ICD-10-CM Code P60

Disseminated intravascular coagulation of newborn

Version 2020 Billable Code

Valid for Submission

P60 is a billable code used to specify a medical diagnosis of disseminated intravascular coagulation of newborn. The code is valid for the year 2020 for the submission of HIPAA-covered transactions. The ICD-10-CM code P60 might also be used to specify conditions or terms like abnormal fibrinolysis, capillary thrombosis, disseminated intravascular coagulation, disseminated intravascular coagulation in newborn, fibrinolytic system finding, hereditary protein c deficiency, etc

ICD-10:P60
Short Description:Disseminated intravascular coagulation of newborn
Long Description:Disseminated intravascular coagulation of newborn

Tabular List of Diseases and Injuries

The Tabular List of Diseases and Injuries is a list of ICD-10 codes, organized "head to toe" into chapters and sections with guidance for inclusions, exclusions, descriptions and more. The following references are applicable to the code P60:

Inclusion Terms

Inclusion Terms
These terms are the conditions for which that code is to be used. The terms may be synonyms of the code title, or, in the case of "other specified" codes, the terms are a list of the various conditions assigned to that code. The inclusion terms are not necessarily exhaustive. Additional terms found only in the Alphabetic Index may also be assigned to a code.
  • Defibrination syndrome of newborn

Index to Diseases and Injuries

The Index to Diseases and Injuries is an alphabetical listing of medical terms, with each term mapped to one or more ICD-10 code(s). The following references for the code P60 are found in the index:


Synonyms

The following clinical terms are approximate synonyms or lay terms that might be used to identify the correct diagnosis code:

  • Abnormal fibrinolysis
  • Capillary thrombosis
  • Disseminated intravascular coagulation
  • Disseminated intravascular coagulation in newborn
  • Fibrinolytic system finding
  • Hereditary protein C deficiency
  • Homozygous protein C deficiency
  • Neonatal coagulation disorder
  • Neonatal purpura fulminans
  • Protein C deficiency disease
  • Purpura fulminans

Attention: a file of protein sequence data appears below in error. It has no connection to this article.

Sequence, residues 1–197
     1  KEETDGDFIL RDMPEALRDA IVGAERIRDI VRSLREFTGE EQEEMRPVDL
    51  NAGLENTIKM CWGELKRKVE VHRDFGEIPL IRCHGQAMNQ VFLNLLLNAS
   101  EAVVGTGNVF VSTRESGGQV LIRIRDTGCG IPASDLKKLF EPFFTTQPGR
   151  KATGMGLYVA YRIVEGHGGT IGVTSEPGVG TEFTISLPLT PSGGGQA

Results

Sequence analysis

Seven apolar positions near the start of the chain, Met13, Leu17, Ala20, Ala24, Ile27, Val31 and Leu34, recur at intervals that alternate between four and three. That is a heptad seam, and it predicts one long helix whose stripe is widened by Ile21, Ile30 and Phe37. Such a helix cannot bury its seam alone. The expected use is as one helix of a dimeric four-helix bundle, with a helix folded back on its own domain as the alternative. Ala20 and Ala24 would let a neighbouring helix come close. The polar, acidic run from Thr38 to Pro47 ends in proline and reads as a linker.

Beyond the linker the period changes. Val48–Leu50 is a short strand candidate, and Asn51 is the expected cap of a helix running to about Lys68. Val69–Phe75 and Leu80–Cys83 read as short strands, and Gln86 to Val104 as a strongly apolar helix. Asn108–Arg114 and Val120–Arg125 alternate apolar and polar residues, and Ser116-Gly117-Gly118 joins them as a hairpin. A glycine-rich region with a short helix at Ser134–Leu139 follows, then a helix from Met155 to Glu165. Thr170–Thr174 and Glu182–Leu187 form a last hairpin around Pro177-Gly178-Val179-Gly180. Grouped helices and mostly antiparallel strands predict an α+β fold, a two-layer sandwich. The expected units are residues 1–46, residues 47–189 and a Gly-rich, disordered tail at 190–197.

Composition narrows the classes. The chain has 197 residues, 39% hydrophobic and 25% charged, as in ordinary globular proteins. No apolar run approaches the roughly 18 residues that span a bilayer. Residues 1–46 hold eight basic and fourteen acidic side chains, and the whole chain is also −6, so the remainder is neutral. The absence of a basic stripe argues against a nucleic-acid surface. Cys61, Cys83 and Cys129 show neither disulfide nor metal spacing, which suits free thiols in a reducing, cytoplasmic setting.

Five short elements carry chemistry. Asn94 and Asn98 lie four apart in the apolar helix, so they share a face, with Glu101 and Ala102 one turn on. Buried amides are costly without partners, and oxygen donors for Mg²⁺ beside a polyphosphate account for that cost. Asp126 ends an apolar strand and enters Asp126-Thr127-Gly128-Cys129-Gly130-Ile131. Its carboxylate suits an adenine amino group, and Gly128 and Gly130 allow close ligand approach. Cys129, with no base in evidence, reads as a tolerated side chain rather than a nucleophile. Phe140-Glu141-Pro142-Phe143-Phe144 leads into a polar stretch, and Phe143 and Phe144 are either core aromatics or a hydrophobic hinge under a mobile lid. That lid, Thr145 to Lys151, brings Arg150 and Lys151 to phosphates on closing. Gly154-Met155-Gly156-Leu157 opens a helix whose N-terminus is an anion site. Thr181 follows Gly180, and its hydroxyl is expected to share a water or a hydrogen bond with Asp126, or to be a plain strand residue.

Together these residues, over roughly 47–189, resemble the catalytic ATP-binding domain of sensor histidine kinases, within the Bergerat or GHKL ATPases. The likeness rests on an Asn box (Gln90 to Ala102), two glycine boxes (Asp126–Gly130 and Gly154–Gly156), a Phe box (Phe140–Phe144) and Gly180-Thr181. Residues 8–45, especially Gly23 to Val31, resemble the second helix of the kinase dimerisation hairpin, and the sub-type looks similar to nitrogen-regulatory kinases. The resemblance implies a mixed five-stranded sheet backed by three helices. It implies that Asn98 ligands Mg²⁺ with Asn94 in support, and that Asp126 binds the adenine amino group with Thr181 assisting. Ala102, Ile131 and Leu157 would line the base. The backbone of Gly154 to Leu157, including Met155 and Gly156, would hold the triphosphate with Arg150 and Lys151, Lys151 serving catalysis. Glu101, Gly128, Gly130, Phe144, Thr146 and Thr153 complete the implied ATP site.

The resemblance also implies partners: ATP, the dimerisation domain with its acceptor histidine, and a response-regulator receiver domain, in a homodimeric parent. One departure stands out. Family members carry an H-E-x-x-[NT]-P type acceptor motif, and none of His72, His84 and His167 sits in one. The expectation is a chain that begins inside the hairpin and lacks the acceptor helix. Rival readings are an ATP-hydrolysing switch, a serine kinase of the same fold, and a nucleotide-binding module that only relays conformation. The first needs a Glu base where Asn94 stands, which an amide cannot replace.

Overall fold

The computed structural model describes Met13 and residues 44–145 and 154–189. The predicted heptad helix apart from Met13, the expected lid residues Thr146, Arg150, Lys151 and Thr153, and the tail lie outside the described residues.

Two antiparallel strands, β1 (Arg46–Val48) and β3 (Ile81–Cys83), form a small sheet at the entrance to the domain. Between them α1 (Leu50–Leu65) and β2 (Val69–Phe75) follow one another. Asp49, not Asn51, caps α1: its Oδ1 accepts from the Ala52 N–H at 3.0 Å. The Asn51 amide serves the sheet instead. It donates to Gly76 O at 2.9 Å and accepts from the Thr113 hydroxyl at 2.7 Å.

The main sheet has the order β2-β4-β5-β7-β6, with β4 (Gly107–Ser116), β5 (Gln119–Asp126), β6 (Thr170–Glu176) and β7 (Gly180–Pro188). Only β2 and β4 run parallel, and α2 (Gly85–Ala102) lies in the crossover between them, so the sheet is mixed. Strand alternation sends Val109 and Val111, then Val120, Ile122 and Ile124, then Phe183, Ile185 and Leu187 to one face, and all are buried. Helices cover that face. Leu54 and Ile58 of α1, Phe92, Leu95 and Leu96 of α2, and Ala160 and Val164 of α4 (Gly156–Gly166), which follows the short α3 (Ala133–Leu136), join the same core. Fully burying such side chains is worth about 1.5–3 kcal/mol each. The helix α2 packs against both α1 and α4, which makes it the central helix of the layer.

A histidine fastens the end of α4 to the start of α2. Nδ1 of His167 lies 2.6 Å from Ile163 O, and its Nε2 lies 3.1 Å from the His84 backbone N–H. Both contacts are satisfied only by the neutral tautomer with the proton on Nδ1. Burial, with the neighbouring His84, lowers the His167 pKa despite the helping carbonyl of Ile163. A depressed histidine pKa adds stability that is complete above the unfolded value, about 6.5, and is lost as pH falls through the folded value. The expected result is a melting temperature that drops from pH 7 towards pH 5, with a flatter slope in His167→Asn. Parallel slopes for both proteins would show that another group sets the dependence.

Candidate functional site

• Secondary non-thrombocytopenic purpura

Convert P60 to ICD-9

  • 776.2 - Dissem intravasc coag NB

Code Classification

  • Certain conditions originating in the perinatal period (P00–P96)
    • Hemorrhagic and hematological disorders of newborn (P50-P61)
      • Disseminated intravascular coagulation of newborn (P60)

Code History

  • FY 2016 - New Code, effective from 10/1/2015 through 9/30/2016
    (First year ICD-10-CM implemented into the HIPAA code set)
  • FY 2017 - No Change, effective from 10/1/2016 through 9/30/2017
  • FY 2018 - No Change, effective from 10/1/2017 through 9/30/2018
  • FY 2019 - No Change, effective from 10/1/2018 through 9/30/2019
  • FY 2020 - No Change, effective from 10/1/2019 through 9/30/2020

Information for Patients


Bleeding Disorders

Normally, if you get hurt, your body forms a blood clot to stop the bleeding. For blood to clot, your body needs cells called platelets and proteins known as clotting factors. If you have a bleeding disorder, you either do not have enough platelets or clotting factors or they don't work the way they should.

Bleeding disorders can be the result of other diseases, such as severe liver disease or a lack of vitamin K. They can also be inherited. Hemophilia is an inherited bleeding disorder. Bleeding disorders can also be a side effect of medicines such as blood thinners.

Various blood tests can check for a bleeding disorder. You will also have a physical exam and history. Treatments depend on the cause. They may include medicines and transfusions of blood, platelets, or clotting factor.


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Blood Clots

Normally, if you get hurt, your body forms a blood clot to stop the bleeding. After the bleeding stops and healing takes place, your body usually breaks down and removes the clot. But some people get too many clots or their blood clots abnormally. Many conditions can cause the blood to clot too much or prevent blood clots from dissolving properly.

Risk factors for excessive blood clotting include

  • Certain genetic disorders
  • Atherosclerosis
  • Diabetes
  • Atrial fibrillation
  • Overweight, obesity, and metabolic syndrome
  • Some medicines
  • Smoking
  • Staying in one position for a long time, such as being in the hospital or taking a long car or plane ride
  • Cancer and cancer treatments
Blood clots can form in, or travel to, the blood vessels in the brain, heart, kidneys, lungs, and limbs. A clot in the veins deep in the limbs is called deep vein thrombosis (DVT). DVT usually affects the deep veins of the legs. If a blood clot in a deep vein breaks off and travels through the bloodstream to the lungs and blocks blood flow, it is called a pulmonary embolism. Other complications of blood clots include stroke, heart attack, kidney problems, kidney failure, and pregnancy-related problems. Treatments for blood clots include blood thinners and other medicines.
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Uncommon Infant and Newborn Problems

It can be scary when your baby is sick, especially when it is not an everyday problem like a cold or a fever. You may not know whether the problem is serious or how to treat it. If you have concerns about your baby's health, call your health care provider right away.

Learning information about your baby's condition can help ease your worry. Do not be afraid to ask questions about your baby's care. By working together with your health care provider, you make sure that your baby gets the best care possible.


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